Producers do a poor job of managing boot baths to stop pathogens from spreading amongst groups of pigs.
Boot baths are often contaminated with organic matter. Personnel commonly avoid stepping into boot baths, or they step through them without stopping to clean their boots.
Those were the findings of Sandra Amass, DVM, Purdue University, in a study of the effectiveness of farm biosecurity measures.
Purdue Research Amass evaluated several protocols and disinfectants: Cidex Formula 7, an aldehyde from Johnson & Johnson Medical Inc., Arlington, TX; Nolvasan Solution, a chlorhexidine from Fort Dodge Laboratories, Fort Dodge, IA; Clorox, a chlorine-releasing agent from the Clorox Co., Oakland, CA; Betadine Solution, an iodine-releasing solution from the Purdue Frederick Co., Norwalk, CT; 1 Stroke Environ, a phenol from Steris Corp., St. Louis, MO, and Roccal-D Plus, a quaternary ammonium product from Pharmacia & Upjohn, Kalamazoo, MI.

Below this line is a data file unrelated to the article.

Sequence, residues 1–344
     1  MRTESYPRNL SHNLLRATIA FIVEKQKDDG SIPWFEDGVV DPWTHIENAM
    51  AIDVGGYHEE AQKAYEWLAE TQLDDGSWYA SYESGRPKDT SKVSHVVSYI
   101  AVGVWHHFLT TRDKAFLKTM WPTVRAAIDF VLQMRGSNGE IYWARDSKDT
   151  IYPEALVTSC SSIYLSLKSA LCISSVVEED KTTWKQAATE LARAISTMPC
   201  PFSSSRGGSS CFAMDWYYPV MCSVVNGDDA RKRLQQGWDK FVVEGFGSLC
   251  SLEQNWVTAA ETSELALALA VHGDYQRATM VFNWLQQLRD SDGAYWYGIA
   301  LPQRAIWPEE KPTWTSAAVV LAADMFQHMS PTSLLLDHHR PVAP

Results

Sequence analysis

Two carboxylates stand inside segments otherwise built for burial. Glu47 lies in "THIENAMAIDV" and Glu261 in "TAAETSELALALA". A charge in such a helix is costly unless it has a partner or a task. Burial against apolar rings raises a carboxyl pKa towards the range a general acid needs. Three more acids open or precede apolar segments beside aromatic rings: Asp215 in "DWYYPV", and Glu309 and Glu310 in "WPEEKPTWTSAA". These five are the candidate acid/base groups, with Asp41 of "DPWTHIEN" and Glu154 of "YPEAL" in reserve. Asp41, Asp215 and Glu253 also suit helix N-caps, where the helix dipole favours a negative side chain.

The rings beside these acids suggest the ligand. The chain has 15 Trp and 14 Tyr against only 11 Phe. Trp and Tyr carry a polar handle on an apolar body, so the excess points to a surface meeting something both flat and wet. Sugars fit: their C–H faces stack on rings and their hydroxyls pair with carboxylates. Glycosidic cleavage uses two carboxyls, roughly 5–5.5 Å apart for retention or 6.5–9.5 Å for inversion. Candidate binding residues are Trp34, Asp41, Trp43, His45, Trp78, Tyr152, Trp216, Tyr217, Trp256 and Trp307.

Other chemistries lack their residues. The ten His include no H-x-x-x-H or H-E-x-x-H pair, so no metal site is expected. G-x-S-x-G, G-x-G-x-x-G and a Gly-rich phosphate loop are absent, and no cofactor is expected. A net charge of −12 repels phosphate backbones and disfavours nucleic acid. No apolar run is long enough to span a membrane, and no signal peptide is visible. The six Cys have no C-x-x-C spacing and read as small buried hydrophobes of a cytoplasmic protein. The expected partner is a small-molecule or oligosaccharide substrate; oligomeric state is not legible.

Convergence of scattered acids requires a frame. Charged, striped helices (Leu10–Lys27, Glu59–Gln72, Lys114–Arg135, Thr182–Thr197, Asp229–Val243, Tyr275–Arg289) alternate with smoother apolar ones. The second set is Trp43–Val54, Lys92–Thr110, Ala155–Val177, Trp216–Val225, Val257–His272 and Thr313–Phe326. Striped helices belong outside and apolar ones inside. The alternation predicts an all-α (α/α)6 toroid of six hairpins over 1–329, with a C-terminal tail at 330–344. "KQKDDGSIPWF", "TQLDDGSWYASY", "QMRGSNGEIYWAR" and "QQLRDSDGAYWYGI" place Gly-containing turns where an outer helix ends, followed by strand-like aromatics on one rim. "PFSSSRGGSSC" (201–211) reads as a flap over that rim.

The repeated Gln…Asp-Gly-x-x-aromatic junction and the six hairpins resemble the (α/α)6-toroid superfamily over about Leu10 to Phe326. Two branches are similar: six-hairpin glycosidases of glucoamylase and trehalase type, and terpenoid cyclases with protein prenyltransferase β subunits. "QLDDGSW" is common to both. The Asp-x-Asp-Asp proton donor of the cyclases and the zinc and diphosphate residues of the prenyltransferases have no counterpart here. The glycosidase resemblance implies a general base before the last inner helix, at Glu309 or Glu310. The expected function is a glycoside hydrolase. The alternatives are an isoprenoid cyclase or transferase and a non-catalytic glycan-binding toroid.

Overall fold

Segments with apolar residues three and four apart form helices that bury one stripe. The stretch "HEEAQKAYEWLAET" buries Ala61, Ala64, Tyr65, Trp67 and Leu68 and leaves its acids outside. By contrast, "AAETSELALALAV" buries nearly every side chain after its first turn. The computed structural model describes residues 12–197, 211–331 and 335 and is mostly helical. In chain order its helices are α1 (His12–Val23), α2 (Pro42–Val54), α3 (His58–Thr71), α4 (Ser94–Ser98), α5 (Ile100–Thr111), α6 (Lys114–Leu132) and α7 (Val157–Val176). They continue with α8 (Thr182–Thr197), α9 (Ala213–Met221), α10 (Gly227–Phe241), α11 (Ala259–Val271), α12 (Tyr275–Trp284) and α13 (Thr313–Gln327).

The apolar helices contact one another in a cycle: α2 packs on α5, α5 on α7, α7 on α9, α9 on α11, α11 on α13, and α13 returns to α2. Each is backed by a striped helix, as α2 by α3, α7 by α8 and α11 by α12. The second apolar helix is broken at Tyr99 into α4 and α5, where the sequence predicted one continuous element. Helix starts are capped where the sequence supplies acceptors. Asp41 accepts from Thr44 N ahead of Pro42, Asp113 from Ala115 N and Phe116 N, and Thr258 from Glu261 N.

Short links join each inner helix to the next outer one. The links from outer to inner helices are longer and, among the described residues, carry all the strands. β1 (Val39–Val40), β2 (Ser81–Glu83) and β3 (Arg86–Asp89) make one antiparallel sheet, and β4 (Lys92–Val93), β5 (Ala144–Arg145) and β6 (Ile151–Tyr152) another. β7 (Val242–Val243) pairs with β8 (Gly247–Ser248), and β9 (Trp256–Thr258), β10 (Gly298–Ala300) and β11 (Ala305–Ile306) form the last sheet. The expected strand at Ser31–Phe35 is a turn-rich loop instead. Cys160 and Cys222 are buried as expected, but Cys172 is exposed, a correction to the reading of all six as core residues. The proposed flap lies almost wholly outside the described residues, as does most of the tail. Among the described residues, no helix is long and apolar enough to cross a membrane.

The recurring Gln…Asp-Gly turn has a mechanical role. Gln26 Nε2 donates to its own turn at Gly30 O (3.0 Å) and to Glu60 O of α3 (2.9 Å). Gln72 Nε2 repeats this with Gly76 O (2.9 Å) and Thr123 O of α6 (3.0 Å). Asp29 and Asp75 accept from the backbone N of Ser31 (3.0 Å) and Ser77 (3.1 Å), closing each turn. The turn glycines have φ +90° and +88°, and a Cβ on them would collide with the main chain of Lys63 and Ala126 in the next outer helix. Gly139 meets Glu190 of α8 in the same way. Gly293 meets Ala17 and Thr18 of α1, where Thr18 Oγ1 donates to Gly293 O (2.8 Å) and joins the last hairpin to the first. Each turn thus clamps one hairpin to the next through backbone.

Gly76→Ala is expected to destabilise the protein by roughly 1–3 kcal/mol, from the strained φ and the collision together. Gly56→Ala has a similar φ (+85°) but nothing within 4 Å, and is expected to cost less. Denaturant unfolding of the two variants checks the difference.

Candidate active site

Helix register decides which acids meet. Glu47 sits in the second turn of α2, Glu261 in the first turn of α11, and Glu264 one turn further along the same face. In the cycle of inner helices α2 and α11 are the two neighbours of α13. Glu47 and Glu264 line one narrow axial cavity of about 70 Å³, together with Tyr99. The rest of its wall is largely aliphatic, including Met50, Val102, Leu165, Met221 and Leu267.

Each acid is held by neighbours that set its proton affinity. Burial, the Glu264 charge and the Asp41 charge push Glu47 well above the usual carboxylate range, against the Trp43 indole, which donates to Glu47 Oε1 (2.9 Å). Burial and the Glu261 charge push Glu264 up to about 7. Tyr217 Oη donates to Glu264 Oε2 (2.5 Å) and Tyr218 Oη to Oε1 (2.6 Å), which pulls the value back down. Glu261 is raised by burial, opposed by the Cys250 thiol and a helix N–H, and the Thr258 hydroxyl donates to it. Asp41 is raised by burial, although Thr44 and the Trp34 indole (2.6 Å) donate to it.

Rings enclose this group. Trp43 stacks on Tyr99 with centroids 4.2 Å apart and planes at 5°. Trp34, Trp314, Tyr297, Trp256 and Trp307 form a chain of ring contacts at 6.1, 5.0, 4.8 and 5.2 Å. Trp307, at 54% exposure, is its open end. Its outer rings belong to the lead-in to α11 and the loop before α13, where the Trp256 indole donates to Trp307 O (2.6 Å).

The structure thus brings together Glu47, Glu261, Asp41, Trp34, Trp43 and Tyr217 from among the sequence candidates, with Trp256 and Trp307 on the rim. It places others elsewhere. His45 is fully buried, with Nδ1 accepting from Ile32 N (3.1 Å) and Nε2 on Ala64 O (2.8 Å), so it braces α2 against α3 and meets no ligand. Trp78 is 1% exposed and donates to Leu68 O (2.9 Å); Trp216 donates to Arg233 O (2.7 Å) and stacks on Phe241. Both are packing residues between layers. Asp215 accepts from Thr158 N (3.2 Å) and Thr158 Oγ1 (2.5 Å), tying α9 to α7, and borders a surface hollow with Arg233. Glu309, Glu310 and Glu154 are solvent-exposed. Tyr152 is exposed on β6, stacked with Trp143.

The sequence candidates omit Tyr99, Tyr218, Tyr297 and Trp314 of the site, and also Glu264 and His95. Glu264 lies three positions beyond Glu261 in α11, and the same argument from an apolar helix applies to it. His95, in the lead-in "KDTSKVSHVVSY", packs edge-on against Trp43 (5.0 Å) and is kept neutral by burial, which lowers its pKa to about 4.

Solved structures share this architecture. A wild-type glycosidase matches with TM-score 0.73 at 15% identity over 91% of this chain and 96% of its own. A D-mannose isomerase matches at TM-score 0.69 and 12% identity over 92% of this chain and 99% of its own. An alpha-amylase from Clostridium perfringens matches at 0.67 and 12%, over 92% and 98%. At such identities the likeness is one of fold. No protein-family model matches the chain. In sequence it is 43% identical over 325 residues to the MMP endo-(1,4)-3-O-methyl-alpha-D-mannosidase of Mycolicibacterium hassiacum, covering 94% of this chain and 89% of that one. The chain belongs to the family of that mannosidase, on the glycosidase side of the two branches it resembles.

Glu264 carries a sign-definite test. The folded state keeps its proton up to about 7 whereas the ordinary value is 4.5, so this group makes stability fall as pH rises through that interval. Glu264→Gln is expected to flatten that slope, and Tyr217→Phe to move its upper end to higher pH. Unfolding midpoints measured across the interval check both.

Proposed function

Her trials resulted in development of the following boot bath principles:
- Scrubbing visible manure from boots enhances removal of large numbers of bacteria. Simply walking through a boot bath will not reduce bacterial counts;
- Scrubbing visible manure off in a water bath is as effective as scrubbing manure off in a bath of disinfectants for reducing bacterial counts;
- Scrubbing off manure in a clean disinfectant boot bath (such as 1 Stroke Environ) reduces the bacterial count more than scrubbing boots in a contaminated boot bath; and
- Boots scrubbed free of manure and then soaked (with Roccal-D Plus) for five minutes or more meet the standard for disinfection.
Make sure boot bath stations have hoses and brushes to ease manure removal. Select disinfectants based on efficacy, cost, ease of use and environmental friendliness, she concludes.